Tuesday, January 13, 2009

Record bear kills alarm experts

By Naomi Klouda
Homer Tribune

Brown bears searching for meals in chicken pens, salmon racks and garbage cans posed a higher number of legal kills last summer, pushing its status as a “species of concern.”

Reversing the trend will require cooperation from humans who need to remove the temptation or erect bear-proof barriers.

That was the message from bear experts with the Alaska Department of Fish and Game on Thursday night at the Islands and Oceans Visitor’s Center in Homer.

“For responsible management of the species, things need to change,” said Jeff Selinger, bear biologist with the Department of Fish and Game in Kenai, said, “As a starting point in this discussion, there is a plan.”

Fish and Game consider the Kenai Peninsula brown bear to be a “species of concern” because its population is “vulnerable to a significant decline due to low numbers, restricted distribution, dependence on limited resources or sensitivity to environmental disturbances.”

About 40 bears were killed last summer on the peninsula, nearly twice as many as the previous five-year average of 24 kills, and much higher than the average of eight bear kills per year from 1973 to 2008.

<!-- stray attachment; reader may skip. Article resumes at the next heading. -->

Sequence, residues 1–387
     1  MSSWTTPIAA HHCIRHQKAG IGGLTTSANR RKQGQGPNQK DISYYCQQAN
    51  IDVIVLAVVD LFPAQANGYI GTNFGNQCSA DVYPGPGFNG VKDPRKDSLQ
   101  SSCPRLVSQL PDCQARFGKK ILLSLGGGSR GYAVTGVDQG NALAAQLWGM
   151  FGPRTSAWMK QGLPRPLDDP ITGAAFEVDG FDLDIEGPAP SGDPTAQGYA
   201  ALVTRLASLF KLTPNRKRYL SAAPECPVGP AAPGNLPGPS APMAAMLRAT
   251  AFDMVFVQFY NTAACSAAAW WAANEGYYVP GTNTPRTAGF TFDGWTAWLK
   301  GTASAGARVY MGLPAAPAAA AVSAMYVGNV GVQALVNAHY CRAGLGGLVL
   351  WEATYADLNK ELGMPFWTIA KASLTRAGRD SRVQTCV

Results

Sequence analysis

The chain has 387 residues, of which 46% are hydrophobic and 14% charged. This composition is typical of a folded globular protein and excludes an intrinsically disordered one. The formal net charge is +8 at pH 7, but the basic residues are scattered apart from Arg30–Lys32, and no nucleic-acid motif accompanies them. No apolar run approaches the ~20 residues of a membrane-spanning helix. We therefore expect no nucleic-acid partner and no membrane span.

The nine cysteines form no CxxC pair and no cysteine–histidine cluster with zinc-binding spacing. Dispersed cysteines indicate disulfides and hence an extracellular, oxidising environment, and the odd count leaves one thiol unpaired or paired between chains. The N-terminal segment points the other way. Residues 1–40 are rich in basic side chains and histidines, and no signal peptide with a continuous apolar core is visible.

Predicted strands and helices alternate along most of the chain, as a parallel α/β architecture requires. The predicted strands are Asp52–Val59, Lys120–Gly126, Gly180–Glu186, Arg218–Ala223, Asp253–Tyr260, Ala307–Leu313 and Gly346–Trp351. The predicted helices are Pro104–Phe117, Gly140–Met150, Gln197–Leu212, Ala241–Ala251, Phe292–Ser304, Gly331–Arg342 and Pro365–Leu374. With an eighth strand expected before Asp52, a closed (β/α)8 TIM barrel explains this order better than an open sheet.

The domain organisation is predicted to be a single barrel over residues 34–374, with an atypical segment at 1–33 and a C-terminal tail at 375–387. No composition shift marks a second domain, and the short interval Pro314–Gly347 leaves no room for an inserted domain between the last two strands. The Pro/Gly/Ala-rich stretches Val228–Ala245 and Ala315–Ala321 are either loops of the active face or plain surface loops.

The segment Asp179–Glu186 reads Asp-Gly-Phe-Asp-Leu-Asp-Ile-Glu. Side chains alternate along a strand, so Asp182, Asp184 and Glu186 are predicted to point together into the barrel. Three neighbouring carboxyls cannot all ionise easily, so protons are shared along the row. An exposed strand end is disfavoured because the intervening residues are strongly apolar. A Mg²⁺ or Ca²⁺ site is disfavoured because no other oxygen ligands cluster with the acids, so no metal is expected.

The numbers are likely even higher since not all defense of life and property kills are reported, Selinger said.

“During record kill years, the human-caused bear mortality are represented only in the reported bear kills,” he said. Bears are found floating dead down the Kenai River and other places, proving that bears are killed without anyone filing the required reports.

Hard bear data is difficult to come by, both in terms of a current population and accurate kill numbers. Selinger said he believes reporting is much better today than 20 years back when it was “common practice if they saw a black bear, they would shoot it and not report it.”

A biologist doing stream surveys 10 to 15 years ago might have seen a dozen bears per summer. “It was difficult to find a bear to dart in the Swanson River country in the 1990s. Three years ago, while running a capture operation, we found four in one day.”